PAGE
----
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Question: MSK

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A 14yo female soccer player comes to the ED complaining of bilateral knee pain x 1 month, right greater than left. She does not recall a specific traumatic injury or fall, nor of any knee swelling, popping, or locking. The pain is worse after soccer practice or a game, and after getting up from sitting for a prolonged period such as her 2-hour block classes. The pain is described as behind the knee cap. There is no knee effusion, and there is full active range of motion. She has been afebrile throughout the course.

What is the next appropriate step in caring for this patient?
10 votes

pemsou5_wp • July 11, 2017

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  1. llking85 July 11, 2017 - 8:45 am Reply

    Sounds like patellofemoral syndrome to me. Would likely discuss appropriate footwear for exercise, stretching and minimizing movements/positions that strain the patella before sending for MRI or physical therapy. If I had to choose I think I’d go with physical therapy.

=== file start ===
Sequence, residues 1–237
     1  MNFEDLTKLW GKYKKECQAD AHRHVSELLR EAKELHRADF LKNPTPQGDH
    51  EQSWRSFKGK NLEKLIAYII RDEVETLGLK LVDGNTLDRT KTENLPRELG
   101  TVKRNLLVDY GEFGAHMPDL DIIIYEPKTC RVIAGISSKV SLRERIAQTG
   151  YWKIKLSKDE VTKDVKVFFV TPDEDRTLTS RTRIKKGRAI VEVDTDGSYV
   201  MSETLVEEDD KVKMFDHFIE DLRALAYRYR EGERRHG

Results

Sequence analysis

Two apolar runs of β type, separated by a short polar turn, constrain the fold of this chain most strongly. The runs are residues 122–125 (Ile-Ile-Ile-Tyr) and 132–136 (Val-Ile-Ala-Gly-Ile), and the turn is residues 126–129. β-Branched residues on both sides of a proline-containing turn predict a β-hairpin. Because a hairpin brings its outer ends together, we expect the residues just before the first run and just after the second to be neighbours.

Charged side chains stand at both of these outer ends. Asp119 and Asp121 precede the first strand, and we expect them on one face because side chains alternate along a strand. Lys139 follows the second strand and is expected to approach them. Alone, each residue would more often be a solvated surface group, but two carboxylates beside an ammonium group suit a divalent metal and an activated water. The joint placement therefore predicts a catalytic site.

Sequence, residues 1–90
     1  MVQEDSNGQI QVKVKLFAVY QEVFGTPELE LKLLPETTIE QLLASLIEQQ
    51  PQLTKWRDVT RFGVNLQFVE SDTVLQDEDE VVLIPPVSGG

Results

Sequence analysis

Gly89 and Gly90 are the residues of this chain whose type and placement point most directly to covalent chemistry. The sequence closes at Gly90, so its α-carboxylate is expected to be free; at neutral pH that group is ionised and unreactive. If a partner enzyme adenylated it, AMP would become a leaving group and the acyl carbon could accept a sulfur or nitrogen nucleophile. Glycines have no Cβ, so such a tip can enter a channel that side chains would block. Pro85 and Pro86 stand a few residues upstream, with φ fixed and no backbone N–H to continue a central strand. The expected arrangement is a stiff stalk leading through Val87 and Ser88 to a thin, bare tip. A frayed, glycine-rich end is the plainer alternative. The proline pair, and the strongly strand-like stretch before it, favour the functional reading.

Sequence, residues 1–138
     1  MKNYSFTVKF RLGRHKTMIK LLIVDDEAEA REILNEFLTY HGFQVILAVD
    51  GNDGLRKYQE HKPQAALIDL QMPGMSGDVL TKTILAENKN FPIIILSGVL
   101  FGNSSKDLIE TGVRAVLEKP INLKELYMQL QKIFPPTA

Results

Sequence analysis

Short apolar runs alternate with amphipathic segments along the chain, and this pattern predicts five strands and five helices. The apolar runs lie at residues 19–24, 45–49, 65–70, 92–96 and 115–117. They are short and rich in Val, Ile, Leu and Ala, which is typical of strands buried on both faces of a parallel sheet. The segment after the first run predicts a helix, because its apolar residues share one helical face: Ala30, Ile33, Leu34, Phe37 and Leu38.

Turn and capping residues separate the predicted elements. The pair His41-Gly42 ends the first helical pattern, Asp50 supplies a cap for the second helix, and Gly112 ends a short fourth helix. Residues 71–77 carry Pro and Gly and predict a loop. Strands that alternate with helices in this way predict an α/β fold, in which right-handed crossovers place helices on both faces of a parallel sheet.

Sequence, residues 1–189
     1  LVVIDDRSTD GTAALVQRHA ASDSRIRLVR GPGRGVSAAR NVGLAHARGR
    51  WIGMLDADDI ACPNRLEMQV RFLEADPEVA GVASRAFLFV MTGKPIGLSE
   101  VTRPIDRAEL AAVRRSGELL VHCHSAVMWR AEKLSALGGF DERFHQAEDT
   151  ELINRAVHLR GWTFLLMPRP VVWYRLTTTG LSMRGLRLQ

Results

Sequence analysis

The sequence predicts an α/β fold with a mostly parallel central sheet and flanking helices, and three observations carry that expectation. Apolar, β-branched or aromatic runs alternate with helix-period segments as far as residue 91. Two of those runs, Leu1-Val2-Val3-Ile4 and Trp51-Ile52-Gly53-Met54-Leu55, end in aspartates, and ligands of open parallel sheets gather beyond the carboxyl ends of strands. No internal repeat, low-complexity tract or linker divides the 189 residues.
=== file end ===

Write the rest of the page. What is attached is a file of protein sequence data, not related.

2. Kelly July 14, 2017 - 4:04 pm Reply

    E. Physical therapy referral

    The patient’s presentation is consistent with patellofemoral pain syndrome, common in adolescent females. Possible pathophysiology involves malalignment and abnormal tracking of the patella. Pain with activities that require quadriceps contraction (e.g. squats, going up and down stairs), and after having the knee in a flexed position (e.g. sitting) for a prolonged period is typical. If a classic presentation and no reason to suspect ligamentous, meniscus, or bony injury, no imaging is needed. Treatment is physical therapy to stretch and strengthen quadriceps.

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